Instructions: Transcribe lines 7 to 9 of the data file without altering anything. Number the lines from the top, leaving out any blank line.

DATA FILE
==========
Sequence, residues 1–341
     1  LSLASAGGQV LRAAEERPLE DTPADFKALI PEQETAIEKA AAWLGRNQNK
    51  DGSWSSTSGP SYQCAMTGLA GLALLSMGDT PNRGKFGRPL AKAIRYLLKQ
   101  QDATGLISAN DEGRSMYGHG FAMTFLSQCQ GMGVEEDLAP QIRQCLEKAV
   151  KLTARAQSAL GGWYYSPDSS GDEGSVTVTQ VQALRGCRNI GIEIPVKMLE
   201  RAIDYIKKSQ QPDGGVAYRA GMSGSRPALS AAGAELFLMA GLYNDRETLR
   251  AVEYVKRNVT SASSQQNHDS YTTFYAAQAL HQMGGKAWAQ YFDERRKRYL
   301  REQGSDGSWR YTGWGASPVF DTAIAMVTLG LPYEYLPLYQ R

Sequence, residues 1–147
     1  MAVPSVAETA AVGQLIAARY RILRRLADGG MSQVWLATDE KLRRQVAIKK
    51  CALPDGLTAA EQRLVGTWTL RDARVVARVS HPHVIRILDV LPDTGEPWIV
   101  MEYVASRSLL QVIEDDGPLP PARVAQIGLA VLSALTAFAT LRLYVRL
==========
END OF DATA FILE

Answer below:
   251  AVEYVKRNVT SASSQQNHDS YTTFYAAQAL HQMGGKAWAQ YFDERRKRYL
   301  REQGSDGSWR YTGWGASPVF DTAIAMVTLG LPYEYLPLYQ R

Sequence, residues 1–147